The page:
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One of the things some folks have found lacking in the iOS devices (iPhone, iPod Touch, iPad) is the fact that you can't print from them. But if you think about it, there probably aren't a lot of times when that will be a barrier to getting your file on paper if you really need that. 

Because if you're near a printer, you're probably near a computer, too. So you can email your file off to a user on that machine, and they can most likely print your document (unless they are missing some software, like Word or the Adobe Reader – but that's going to be a rare case these days).

But for some of us, having direct access to a printer would still come in mighty handy. For example, I am part of a volunteer radio organization in Macomb County (Macomb County ARPSC) that works with the county's Emergency Management department. Many of our emergency scenarios have us working off battery power in makeshift stations, and we need to transcribe messages and keep logs. Yes, I can write them down, but we like to have everything computerized if we can, so we can go back later and get another copy, find out exactly when something was created, email them afterwards to do "after action" analysis, etc. I could bring my laptop, but it's only got power for a couple of hours. My iPad can easily last 10 hours though. I also have a portable, battery-powered printer, and it could be turned off except when printing to lengthen its battery life, but taking notes/messages/logs could happen at any time, so that's not as practical for a computer. 

Another case: as some of you who've been reading along know, I am an avid APBA Baseball fan. APBA has a yearly convention where we fans can go play a lot of games with our favorite teams. There's a tournament, and so of course you need to keep score and turn in your scoresheets. I love scoring with my iPad and the ESPN iScore Baseball app, but I still need to turn in score sheets.At the convention hotel I might be able to find a computer with a printer to email my sheets to, but I don't want to go hunting around or running off to the business center after every game (and I'm sure my opponent, who needs to sign off, won't be keen on that either). I also don't want to drag my computer around just to hook up to the battery-powered printer.

Hopefully, you knew based on the title of the blog entry that I have an answer. There's a few applications in the app store that will help you print directly. I tried out ePrint and I have to say that I love this app.

ePrint lets you print to networked printers and those shared off of Macs or print servers. It can find networked printers and give you a list of them if they support Bonjour, Apple's auto-discovery protocol (and quite a few printers do, including many for HP). It can use printers that don't support Bonjour, but you need to enter the printer's IP address. It does support LPR printers and HP JetDirect (usually on port 9100).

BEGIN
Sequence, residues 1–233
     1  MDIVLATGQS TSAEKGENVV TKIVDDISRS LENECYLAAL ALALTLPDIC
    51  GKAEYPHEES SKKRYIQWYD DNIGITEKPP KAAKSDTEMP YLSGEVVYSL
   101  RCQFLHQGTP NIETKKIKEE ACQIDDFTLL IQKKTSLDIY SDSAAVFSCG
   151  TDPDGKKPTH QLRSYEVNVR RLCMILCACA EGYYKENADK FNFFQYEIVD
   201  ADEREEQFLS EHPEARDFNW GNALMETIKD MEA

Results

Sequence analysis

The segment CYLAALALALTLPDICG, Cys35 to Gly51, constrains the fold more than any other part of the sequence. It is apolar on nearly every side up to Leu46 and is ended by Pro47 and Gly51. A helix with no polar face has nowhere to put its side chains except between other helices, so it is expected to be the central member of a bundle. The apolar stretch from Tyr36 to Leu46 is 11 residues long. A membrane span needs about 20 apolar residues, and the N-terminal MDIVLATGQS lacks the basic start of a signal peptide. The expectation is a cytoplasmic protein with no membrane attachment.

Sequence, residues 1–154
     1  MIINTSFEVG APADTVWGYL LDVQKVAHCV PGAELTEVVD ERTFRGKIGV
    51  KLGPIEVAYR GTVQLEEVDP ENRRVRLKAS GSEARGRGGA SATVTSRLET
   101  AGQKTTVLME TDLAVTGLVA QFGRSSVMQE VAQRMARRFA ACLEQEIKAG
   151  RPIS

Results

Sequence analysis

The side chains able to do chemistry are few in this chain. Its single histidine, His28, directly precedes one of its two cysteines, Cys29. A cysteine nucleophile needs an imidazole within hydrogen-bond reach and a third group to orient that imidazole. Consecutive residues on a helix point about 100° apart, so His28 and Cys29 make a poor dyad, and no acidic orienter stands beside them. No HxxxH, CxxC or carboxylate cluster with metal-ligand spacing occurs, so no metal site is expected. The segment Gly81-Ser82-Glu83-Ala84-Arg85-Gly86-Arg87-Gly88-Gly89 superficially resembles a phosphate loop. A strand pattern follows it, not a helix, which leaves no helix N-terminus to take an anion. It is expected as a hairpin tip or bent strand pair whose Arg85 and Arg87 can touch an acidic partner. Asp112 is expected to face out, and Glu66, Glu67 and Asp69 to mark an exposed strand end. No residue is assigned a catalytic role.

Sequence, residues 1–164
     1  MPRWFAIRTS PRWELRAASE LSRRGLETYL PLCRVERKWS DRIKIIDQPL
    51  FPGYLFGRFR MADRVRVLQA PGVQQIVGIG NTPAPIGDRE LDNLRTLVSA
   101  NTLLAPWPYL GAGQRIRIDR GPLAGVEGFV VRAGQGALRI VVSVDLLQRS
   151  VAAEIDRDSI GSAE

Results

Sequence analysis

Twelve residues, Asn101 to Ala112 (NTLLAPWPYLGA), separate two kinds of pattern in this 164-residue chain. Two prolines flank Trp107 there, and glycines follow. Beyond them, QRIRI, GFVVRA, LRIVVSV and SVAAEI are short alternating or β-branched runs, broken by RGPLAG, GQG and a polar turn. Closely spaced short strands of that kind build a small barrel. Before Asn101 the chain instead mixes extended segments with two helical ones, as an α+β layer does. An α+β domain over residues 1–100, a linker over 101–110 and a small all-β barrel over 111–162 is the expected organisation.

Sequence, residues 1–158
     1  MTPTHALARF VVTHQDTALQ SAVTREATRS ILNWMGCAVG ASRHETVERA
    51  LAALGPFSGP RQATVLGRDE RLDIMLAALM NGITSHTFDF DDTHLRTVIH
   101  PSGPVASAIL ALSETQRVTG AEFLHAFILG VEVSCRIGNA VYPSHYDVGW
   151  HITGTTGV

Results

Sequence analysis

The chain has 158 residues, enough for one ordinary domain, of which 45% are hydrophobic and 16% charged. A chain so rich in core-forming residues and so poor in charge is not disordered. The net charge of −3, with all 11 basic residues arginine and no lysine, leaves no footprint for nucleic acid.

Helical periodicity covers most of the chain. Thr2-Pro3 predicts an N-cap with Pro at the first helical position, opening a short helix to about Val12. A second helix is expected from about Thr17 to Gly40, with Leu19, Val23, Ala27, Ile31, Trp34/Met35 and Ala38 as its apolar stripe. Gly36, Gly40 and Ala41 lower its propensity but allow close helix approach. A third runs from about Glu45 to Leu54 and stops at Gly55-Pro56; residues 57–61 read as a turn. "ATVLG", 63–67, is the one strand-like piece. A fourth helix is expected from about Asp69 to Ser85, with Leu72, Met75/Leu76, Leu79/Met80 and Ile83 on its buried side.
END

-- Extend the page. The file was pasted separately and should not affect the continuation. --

PCL, Postscript, and some Epson printers are supported for direct printing (those that are directly on the LAN, not attached to a Mac). Any manufacturer's printer attached to a Mac and shared out will work (as the Mac has the print drivers).

Once you set up a printer, you can then chose from several places to print from. You can print from your Contacts, Photos Albums, web pages (there's a build-in browser), the clipboard (although sometimes things don't get put in the clipboard they way you'd think they would), notes (these notes are taken directly in the program, so they aren't part of Apple's Notes app), and you can create a photo calendar or album of photos to print from those on your device. You can also open attachments from Mail, and you can open your MobileMe iDisk or other WebDav server to get files (Word docs, PDFs, RTF files, graphics) to print. If you device has a camera, you can even take a shot right in the program (which is saved in your camera roll).

You can choose the printer, the paper size, orientation, which pages of a multiple-page document to print, duplex and color (if the printer supports it) – pretty much everything you normally choose on your system. You can even print 2 up if necessary. As you can see above, you'll get a preview of what's to be printed, and you can zoom in on it of you want to see something clearer. The software works on both the iPad (with native screens, no need to use the 2x button), iPhone, and iPod Touch. The printer must be on your network or reachable directly via WiFi (not Bluetooth).

All in all, this is a great piece of software if, like me, you need to print in certain circumstances. And at $2.99, it's not going to break the bank.

The have a free version, ePrint Free (oddly enough). It is severely limited – it lets you print a single page at a time from your camera roll or an attachment, and only to a network-attached printer. It's just there to see if your network printer is compatible (any printer connected to a Mac is, so I'm guessing why that was left off).

I know a lot of you just don't need to print. But adding printing gets the iPad and iPod Touch one step away from needing a computer at all. If you have a WifI printer and an iPad/Touch, you could conceivably get by without a computer (although you'd have no way to back up your iPad/Touch, and if you wanted to upgrade the OS you'd need to head to a friend's house or the Apple store. And there are a few cases where printing, for some people, can come in handy.

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